application board, power is not applied
to DS3900, or another piece of software
is controlling the serial port.
Make sure the serial cable is connected from
the PC to the DS3900’s DB9 connector. If
multiple serial ports are present on the back of
the PC, ensure the proper port has been
connected. Ensure the DS3900 is well seated
on the application board and that power has
been applied. Check for other software that
may be controlling the serial port.
2-wire communication errors
or general communication errors
Either the PC cannot communicate with
the DS3900, or the DS3900 cannot
communicate with the 2-wire device.
Verify the DS3900 is not held in reset by the
DTR signal. Verify the pullups for SDA and
SCL are on if the application board does not
have pullups. Verify the 2-wire device is being
addressed correctly by the software. Verify
power is applied to the both the DS3900 and
the 2-wire device. Verify the serial cable is
properly connected from the PC to the
DS3900. Verify the DS3900 is properly seated
on the application board.
SDA or SCL line is stuck low
If only SDA is held low, the 2-wire bus
might have been disturbed while a slave
was controlling the bus during a read
operation. Additionally, P10 and P11
may have been used as bit I/O pins and
the last program left the pins in a low
state.
Try to issue a bit I/O read command to the pin
that is stuck low, and the bus will be freed by
the DS3900. If SDA remains low, a slave
device is controlling it. Reset the 2-wire bus
(clock the bus nine times, and issue a stop
command) or cycle power to the application
board to free the pin.
Bit I/O operation not working as
expected
P3 is being used, and the pulse function
is operating and changing the state of
the pin.
Disable the pulse with software, or do not use
P3 for an input or output.
Pulse function not operating properly
DS3900 not found by software after
reset
For technical support email [email protected]
10
____________________________________________________________________
Serial Communications Module
For Evaluation Kits
DS3900
VCC
VCC
4.7kΩ
2.2kΩ
MA2YD15
JP1
P1
CT2192MST
RA2
RA1
RA3
RA0
RA4
MCLR
OSC1
P3
VSS
OSC2
(N.C.) RESET
VSS
GND
P5
GND
JP2
CTX501
P2
P4
4.7kΩ
U1
PIC16LF628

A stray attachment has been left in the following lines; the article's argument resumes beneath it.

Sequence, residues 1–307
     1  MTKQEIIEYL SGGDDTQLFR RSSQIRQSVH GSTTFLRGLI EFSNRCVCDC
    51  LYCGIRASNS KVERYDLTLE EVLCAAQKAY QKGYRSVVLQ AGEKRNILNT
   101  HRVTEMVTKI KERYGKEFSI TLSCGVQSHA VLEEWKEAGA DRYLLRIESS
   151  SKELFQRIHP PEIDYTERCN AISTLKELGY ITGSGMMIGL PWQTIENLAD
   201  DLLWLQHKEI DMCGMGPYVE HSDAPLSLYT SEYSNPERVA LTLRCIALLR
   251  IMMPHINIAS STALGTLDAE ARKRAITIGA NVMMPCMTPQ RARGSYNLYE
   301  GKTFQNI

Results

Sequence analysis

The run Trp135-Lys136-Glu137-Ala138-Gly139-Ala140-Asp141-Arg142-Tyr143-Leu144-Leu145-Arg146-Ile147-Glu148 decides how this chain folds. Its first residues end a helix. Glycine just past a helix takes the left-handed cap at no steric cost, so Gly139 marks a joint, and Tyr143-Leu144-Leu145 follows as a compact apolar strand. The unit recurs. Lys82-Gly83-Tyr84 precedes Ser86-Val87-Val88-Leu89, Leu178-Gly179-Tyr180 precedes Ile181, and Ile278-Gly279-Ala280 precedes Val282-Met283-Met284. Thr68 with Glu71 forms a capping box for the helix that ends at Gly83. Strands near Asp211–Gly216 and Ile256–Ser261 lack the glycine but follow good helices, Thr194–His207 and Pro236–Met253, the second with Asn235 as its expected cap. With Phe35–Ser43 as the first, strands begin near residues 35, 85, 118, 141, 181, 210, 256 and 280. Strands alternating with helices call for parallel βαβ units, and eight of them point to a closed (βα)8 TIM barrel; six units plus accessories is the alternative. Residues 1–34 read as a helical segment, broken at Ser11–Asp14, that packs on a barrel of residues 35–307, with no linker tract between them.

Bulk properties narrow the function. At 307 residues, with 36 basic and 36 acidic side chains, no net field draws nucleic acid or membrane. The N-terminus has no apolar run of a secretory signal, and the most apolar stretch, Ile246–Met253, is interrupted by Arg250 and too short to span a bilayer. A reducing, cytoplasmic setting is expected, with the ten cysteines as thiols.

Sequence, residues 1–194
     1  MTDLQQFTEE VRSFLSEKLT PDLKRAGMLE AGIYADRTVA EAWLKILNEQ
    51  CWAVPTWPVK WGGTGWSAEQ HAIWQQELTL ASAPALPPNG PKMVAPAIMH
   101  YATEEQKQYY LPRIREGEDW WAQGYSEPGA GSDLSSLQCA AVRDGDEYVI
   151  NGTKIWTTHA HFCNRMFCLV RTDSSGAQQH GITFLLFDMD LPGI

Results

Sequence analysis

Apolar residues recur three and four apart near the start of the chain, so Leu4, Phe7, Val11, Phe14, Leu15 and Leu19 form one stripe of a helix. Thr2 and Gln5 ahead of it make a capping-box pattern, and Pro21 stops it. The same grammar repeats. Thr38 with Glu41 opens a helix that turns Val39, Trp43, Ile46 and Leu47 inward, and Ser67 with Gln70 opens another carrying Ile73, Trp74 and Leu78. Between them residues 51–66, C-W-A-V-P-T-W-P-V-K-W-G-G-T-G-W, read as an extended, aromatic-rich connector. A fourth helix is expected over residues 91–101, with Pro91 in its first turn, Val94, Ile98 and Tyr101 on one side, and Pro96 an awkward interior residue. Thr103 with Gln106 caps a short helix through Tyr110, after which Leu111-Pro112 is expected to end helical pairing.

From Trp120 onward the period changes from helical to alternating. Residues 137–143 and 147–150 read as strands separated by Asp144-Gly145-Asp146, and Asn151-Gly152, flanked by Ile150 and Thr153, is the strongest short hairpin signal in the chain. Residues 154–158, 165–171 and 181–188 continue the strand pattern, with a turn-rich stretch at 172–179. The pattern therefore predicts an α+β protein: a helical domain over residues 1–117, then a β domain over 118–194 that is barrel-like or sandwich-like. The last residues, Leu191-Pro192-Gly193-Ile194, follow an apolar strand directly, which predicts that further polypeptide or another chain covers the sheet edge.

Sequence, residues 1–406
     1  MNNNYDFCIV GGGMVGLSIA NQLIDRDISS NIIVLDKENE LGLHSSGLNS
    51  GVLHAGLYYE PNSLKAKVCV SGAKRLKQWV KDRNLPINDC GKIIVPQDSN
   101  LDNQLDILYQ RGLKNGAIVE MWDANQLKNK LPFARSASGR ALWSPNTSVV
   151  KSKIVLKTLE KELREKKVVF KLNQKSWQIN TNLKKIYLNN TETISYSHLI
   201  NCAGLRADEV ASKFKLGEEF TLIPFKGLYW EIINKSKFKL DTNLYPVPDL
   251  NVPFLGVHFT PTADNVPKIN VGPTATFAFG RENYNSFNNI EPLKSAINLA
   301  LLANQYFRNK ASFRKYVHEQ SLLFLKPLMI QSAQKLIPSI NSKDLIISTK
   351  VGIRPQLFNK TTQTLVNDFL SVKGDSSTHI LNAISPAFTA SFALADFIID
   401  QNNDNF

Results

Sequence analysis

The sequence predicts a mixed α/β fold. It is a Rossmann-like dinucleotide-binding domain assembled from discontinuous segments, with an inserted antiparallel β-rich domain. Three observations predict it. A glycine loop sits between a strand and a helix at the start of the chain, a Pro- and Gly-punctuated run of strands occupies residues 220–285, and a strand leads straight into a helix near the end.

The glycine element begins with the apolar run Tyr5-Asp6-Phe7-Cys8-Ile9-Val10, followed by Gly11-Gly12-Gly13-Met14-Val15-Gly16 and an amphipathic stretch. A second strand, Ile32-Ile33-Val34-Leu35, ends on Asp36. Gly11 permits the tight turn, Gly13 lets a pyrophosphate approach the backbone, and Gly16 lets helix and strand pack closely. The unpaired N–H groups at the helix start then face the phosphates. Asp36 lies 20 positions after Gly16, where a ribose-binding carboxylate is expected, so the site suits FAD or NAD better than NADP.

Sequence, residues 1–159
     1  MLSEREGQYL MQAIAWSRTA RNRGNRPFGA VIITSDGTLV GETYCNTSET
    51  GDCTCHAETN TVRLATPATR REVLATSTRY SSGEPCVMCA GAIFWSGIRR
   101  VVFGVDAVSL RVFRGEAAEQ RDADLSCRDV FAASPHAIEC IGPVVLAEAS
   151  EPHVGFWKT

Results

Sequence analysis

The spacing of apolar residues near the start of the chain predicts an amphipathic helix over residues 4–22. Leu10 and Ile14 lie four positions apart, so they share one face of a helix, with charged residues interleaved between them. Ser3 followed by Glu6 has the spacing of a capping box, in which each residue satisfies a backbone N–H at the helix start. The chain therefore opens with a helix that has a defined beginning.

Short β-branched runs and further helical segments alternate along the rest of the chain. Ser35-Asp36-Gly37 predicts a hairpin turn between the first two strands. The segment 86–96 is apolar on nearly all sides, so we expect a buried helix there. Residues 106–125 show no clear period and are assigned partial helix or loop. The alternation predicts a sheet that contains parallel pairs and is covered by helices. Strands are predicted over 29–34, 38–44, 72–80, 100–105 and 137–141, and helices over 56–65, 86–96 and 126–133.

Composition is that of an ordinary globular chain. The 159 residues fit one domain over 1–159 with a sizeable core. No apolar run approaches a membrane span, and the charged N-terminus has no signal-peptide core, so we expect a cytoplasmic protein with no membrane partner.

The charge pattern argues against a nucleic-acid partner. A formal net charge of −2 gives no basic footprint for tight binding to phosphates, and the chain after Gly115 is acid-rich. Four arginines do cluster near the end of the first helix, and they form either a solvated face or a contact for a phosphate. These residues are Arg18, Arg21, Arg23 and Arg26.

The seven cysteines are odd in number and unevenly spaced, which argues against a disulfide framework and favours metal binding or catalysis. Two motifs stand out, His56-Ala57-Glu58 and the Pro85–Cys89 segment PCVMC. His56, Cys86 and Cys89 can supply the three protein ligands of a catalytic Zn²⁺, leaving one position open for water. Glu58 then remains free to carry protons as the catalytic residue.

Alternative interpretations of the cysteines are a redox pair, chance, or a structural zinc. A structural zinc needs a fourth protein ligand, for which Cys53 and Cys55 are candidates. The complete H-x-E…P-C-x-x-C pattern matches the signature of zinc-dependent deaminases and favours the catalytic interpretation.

(TSSOP)
VCC
RB0
VCC
RB1
RB7
RB2
RB6
P11-SDA
27pF
P10-SCL
GND
CRYSTAL
3.68MHz
VCC
VCC
27pF
P9
P8
1.0µF
0.1µF
P7
P6
RB5
2 x 8 FEMALE
HEADER
RB3
RB4
VCC
1µF
FORCEOFF
EN
0.1µF
C1+
VCC
V+
GND
C1C2+
1µF
C2V1µF
U2
MAX3223
(SSOP)
T1OUT
R1IN
R1OUT
FORCEON
T2OUT
T1IN
R2IN
T2IN
R2OUT
2 x 8 FEMALE
HEADER
0.1µF
JP3
1
6
2
3
7
8
4
9
5
DB9
INVALID
Figure 2. DS3900 Schematic
____________________________________________________________________
11
DS3900
Serial Communications Module
For Evaluation Kits
TOP LAYOUT
P1
P11
P2
P10
P3
GND
(N.C.) RESET
VCC
GND
P9
P4
P8
P5
P7
GND
P6
BOTTOM LAYOUT
Figure 3. DS3900 Layout
12
____________________________________________________________________
Serial Communications Module
For Evaluation Kits
DS3900
1.344"
X1
C6
C5
C1
JP1
1.584"
C4
U1
1.469"
DS3900 R1.0
SCL
R2
SDA
R3
JP2
1.300"
0.75"
0.84"
0.550"
0.43"
0.312"
0.312"
0.25"
0.100"
0.100"
0.025"
0.25"
0.43"
0.20"
0.025"
1.200"
0.84"
1.56"
1.12"
0.80"
Figure 4. DS3900 Dimensions
Note: The DS3900 mates with standard 2.54mm (0.100in) 2 x 8 male header connectors. These connectors do not
come standard with the board (see Figure 5).
____________________________________________________________________
13
DS3900
Serial Communications Module
For Evaluation Kits
0.100"
0.025", 16 places
0.025"
16 places
0.100"
8 places
0.240",16 places
1.200"
Figure 5. Recommended PC Board Connection for DS3900
14
____________________________________________________________________
Serial Communications Module
For Evaluation Kits
OSCILLATOR
OUTPUTS
PC
OUT1
SCL
OUT0
VCC
SDA
CTRL1
DS1077
GND
SERIAL
PORT
VCC
P1
LED P2
DB9
VCC
P11-SDA
MORE 2-WIRE
DEVICES
P10-SCL
P3
GND
N.C.
VCC
GND
CTRL0
DS3900
P4
P9
P8
P5
P7
GND
P6
VCC
10µF
SDA
VCC
SCL
H0
A0
A1
A2
WP
GND
DS1848
N.C.
H1
L1
N.C.
VARIABLE
RESISTORS
L0
Maxim cannot assume responsibility for use of any circuitry other than circuitry entirely embodied in a Maxim product. No circuit patent licenses are
implied. Maxim reserves the right to change the circuitry and specifications without notice at any time.
Maxim Integrated Products, 120 San Gabriel Drive, Sunnyvale, CA 94086 408-737-7600 ____________________ 15
© 2004 Maxim Integrated Products
Printed USA
is a registered trademark of Dallas Semiconductor Corporation.
is a registered trademark of Maxim Integrated Products.
DS3900
Typical Operating Circuit